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Francis Ford Coppola ‘Couldn’t Care Less’ About Money as He Drops $120 Million on ‘Megalopolis’

"The more personal I make it... the harder it will be to finance,” Coppola said of his long-gestating film.

Francis Ford Coppola speaks on stage at the Produced By Conference - Day 2 at Warner Bros. Studios on Sunday, June 8, 2014, in Burbank, Calif. (Photo by Todd Williamson/Invision for Producers Guild of America/AP Images)

Francis Ford Coppola

Todd Williamson/Invision/AP

Say what you will about Francis Ford Coppola, but the man has no problem betting on himself. Since founding his American Zoetrope production company in 1969, he has blazed trails for filmmakers trying to make studio-sized projects outside of the Hollywood system, both in terms of his willingness to spend his own money on his films and his work empowering other independent filmmakers. He then decided to enter the wine business and built an empire of vineyards that made him much more money than his films ever did. Now, at the age of 82 and with nothing left to prove, the director and spirit mogul is prepared to take his biggest risk yet. Coppola has spent nearly half his life trying to find funding for his dream film, “Megalopolis,” and now says he is prepared to spend $120 million of his own money to finance the movie himself.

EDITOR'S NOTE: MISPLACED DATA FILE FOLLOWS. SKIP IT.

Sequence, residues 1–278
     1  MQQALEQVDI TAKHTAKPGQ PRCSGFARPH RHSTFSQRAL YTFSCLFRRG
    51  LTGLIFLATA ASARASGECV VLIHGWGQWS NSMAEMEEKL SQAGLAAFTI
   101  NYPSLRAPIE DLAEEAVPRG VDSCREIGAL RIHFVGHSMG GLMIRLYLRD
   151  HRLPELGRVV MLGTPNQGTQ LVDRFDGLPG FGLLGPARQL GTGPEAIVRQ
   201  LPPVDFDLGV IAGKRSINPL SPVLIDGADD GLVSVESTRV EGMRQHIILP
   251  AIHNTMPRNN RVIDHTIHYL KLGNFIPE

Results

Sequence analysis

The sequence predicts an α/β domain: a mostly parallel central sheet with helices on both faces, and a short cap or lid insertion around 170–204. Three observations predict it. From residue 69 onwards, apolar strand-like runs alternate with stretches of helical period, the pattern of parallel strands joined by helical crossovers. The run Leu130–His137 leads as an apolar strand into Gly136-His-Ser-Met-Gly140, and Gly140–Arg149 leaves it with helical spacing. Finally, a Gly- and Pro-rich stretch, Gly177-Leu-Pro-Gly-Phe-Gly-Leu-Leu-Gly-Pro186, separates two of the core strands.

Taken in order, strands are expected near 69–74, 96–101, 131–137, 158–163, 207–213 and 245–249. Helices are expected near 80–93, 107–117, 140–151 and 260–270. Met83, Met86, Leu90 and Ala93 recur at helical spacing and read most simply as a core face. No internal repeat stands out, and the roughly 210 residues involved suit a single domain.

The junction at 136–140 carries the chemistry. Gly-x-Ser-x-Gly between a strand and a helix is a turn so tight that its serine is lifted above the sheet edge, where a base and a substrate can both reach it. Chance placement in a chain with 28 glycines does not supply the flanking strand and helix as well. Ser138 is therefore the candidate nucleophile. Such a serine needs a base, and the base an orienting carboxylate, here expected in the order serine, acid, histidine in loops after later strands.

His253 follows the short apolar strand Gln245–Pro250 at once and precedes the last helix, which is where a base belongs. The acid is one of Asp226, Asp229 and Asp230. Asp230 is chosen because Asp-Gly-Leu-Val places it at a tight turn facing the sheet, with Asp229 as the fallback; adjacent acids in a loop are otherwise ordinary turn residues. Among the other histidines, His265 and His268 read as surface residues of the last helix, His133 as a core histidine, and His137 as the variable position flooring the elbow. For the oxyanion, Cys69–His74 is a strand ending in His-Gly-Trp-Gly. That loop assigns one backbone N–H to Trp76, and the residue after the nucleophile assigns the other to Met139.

‘Megalopolis’ has been described as an epic film that explores ideas about the possibility of building a utopian society. The film is supposedly set in a futuristic version of New York that is loosely based on Ancient Rome. Cate Blanchett, Oscar Isaac, Zendaya, and Forest Whitaker have all been linked to the film, although no cast is officially confirmed.

Coppola is no stranger to having his ambitious projects rejected by studio backers. In a new interview with GQ, he recalls that after making “The Godfather,” he was arguably at his commercial peak, and yet he still could not find Hollywood funding for “Apocalypse Now.”

“I had won five Oscars and was the hottest film director in town and walked in with ‘Apocalypse Now’ and said, ‘I’d like to make this next,’” he said. “I own ‘Apocalypse Now.’ Do you know why I own ‘Apocalypse Now’? Because no one else wanted it.” His bet on “Apocalypse Now” clearly paid off, even if a similar experience self-funding “One From the Heart” left him in a $26 million hole that he spent over a decade working himself out of. But after making a fortune on his vineyards, the octogenarian director is not worried about making this investment back.

“I couldn’t care less about the financial impact whatsoever,” he said. “It means nothing to me.”

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